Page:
The first minister said she has learned things about Alex Salmond “over the past couple of years that have made me rethink certain things I thought about him”.
Nicola Sturgeon told MSPs on the committee investigating the Scottish Government’s handling of harassment complaints against the former first minister that she has had to “go through a process of reassessing all sorts of things around that”.
During almost eight hours of testimony it was the moments of rawness and candour about her feelings, and long friendship with Mr Salmond, that will have surprised viewers not used to seeing Ms Sturgeon so emotionally open.
Following questioning from Scottish Conservative MSP Murdo Fraser, the SNP leader said she has “no doubt” Mr Salmond had also reflected on his relationship with Ms Sturgeon in the wake of the matter.
She said: “As I was watching him on Friday lashing out – that’s my words – against us, I don’t know whether he ever reflects on the fact that many of us, including me, feel very let down by him.
“That’s a matter of deep personal pain and regret for me.”
Appearing close to tears, Ms Sturgeon said: “I think I probably should stop there.”
She added: “I do not think it is reasonable to ask me to apologise for the behaviour of Alex Salmond.
“I think the only person who should apologise for behaviour on his part – which he was asked to do on Friday and failed to do – is Alex Salmond.”
Ms Sturgeon faced a mammoth eight-hour evidence session before MSPs, becoming visibly emotional when discussing her previously close relationship with Mr Salmond.
She told MSPs she is “really sad” with how things have played out involving a man she “cared about for a long time”.
The SNP leader described her former ally as someone she had “looked up to and revered” since she was “20, probably younger than that”.
She said she had “thought often” about the impact on Mr Salmond but found herself “searching for any sign, any sign at all, that he recognised how difficult this has been for others too”.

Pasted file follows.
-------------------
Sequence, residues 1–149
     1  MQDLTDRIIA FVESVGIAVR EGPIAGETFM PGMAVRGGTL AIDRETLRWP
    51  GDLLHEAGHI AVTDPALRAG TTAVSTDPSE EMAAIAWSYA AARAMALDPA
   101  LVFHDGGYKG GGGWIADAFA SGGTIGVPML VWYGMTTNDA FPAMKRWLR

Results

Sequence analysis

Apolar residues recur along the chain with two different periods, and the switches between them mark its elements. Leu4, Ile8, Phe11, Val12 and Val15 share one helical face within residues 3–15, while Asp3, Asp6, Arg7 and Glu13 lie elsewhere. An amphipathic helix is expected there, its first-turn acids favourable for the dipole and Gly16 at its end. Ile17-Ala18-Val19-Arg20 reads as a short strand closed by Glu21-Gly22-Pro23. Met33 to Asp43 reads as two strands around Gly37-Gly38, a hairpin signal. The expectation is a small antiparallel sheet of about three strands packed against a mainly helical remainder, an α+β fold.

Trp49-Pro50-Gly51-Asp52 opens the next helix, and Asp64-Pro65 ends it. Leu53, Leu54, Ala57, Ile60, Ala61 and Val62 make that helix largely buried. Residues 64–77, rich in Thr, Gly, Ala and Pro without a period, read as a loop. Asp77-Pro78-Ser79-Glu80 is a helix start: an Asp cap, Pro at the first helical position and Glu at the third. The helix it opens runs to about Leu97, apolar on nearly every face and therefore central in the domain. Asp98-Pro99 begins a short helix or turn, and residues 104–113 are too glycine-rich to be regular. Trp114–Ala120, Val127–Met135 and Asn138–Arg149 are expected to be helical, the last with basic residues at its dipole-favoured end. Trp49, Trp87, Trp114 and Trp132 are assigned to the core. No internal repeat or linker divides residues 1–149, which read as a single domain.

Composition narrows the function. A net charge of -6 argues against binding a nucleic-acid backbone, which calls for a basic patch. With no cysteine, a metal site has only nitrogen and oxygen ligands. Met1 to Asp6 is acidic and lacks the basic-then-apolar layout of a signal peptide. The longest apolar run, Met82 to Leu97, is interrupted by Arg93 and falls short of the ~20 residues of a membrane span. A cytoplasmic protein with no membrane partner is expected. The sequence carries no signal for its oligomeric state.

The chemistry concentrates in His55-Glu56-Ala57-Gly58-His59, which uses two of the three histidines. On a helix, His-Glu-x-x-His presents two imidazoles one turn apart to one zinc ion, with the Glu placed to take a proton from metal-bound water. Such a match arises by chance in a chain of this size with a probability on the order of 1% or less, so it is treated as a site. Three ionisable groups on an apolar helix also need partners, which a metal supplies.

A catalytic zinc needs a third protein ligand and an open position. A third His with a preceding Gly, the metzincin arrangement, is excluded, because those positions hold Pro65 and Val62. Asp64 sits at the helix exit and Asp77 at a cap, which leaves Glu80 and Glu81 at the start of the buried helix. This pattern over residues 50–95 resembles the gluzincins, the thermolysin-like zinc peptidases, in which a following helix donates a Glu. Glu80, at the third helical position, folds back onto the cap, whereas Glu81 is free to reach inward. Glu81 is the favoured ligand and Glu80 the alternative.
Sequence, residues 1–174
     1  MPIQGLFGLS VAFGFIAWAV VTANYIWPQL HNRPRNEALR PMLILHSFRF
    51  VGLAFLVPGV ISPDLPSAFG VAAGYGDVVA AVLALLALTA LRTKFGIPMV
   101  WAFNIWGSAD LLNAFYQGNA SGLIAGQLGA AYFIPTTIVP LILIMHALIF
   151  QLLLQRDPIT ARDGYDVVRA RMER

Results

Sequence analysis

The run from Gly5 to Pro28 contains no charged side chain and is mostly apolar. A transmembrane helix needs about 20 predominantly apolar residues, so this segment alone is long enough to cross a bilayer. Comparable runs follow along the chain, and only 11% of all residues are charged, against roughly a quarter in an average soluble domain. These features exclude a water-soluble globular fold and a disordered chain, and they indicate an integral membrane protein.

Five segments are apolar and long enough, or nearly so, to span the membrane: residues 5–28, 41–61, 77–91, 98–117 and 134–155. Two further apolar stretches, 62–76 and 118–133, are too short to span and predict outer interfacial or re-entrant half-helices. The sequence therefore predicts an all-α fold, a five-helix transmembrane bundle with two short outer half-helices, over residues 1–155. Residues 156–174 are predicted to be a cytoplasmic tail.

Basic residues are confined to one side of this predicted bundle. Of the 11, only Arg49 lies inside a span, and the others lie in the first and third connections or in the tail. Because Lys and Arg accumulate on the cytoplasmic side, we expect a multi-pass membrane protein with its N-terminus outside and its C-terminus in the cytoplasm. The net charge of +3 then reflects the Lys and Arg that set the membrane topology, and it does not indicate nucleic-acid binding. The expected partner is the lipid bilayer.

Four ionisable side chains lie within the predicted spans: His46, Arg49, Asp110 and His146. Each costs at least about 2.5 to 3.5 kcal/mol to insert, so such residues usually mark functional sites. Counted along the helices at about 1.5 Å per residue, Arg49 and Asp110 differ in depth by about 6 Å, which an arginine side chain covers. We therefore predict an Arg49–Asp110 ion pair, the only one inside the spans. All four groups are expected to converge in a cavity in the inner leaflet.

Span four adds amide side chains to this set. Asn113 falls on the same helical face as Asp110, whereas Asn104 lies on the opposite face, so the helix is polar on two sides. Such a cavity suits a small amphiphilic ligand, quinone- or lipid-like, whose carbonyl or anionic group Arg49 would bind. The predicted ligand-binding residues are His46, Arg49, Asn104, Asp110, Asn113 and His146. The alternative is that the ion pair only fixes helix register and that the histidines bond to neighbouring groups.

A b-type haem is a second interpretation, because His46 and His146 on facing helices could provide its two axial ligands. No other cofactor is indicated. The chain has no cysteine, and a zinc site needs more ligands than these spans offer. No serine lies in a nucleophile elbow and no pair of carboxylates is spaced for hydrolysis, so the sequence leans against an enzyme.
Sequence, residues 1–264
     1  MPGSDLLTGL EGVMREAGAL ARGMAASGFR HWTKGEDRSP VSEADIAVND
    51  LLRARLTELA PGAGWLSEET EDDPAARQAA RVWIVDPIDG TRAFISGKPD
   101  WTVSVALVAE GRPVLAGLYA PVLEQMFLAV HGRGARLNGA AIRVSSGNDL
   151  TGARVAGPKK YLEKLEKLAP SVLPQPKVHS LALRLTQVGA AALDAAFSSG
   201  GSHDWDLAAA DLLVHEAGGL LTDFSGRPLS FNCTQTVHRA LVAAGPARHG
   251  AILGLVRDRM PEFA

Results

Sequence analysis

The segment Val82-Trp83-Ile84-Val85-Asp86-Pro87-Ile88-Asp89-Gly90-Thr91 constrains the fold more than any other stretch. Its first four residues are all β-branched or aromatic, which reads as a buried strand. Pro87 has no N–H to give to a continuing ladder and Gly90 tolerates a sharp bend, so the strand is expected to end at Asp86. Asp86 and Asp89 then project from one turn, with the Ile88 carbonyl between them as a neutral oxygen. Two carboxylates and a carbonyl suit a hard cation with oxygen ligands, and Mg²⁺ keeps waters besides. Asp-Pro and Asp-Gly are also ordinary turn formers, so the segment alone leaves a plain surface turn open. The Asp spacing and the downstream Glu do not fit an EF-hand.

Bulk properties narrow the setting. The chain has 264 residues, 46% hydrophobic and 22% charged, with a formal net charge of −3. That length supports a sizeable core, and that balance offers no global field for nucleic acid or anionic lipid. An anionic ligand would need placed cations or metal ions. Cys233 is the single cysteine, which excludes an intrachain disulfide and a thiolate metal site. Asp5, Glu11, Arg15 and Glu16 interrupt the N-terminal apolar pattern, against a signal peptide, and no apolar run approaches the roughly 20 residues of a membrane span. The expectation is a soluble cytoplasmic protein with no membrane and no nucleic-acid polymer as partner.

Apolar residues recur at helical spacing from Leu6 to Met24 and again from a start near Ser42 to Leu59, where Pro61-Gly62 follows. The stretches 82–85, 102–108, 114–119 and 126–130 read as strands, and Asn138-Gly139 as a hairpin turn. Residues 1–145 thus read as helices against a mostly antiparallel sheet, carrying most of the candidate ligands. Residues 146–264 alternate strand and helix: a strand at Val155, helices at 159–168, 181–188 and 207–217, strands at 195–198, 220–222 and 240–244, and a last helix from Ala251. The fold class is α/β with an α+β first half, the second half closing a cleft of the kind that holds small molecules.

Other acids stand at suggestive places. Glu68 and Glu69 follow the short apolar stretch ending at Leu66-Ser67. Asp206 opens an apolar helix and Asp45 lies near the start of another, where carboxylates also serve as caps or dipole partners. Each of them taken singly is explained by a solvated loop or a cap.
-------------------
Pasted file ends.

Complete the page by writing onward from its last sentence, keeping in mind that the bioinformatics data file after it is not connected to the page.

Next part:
Mr Salmond has alleged that a group of senior figures plotted to have him jailed because they were scared that his victory in a civil case would have “cataclysmic” consequences for Ms Sturgeon’s government.
He spoke of the “nightmare” he had experienced and said he could not “move on” until the “decision-making which is undermining the system of government in Scotland is addressed”.
However, he refused to apologise for his own behaviour when asked if he would say sorry to the women involved.
The Holyrood committee was set up after Mr Salmond received a £512,000 pay-out following the Court of Session civil ruling that the Scottish Government’s handling of the complaints was “unlawful” and “tainted by apparent bias”.
Separately, the former first minister was cleared of 13 charges, including sexual assualt, indecent assault and attempted rape, following a trial last year.
Ms Sturgeon told MSPs she “refused to follow the age old pattern of allowing a powerful man to use his status and connections to get what he wants”, as she repeatedly maintained she had not intervened in the process.
Recalling a meeting with Mr Salmond at her home on April 2 2018, the first minister said he asked her to read a letter he had received from Permanent Secretary Leslie Evans which set out complaints that had been raised against him from two women.
Ms Sturgeon told MSPs that reading the letter was a “moment in my life I would never forget”.
Although he denied the allegations, Ms Sturgeon alleges that Mr Salmond gave her his account of “one of the incidents complained of which he said he had apologised for at the time”.
She said: “What he described constituted in my view, deeply inappropriate behaviour on his part, perhaps another reason why that moment is embedded so strongly in my mind.”